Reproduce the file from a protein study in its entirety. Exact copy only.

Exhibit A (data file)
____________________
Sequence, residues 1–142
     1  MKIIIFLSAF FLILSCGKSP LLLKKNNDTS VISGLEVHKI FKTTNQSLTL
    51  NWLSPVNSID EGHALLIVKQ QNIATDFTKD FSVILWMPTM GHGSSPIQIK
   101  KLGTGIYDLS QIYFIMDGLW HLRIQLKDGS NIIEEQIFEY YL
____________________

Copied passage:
Sequence, residues 1–142
     1  MKIIIFLSAF FLILSCGKSP LLLKKNNDTS VISGLEVHKI FKTTNQSLTL
    51  NWLSPVNSID EGHALLIVKQ QNIATDFTKD FSVILWMPTM GHGSSPIQIK
   101  KLGTGIYDLS QIYFIMDGLW HLRIQLKDGS NIIEEQIFEY YL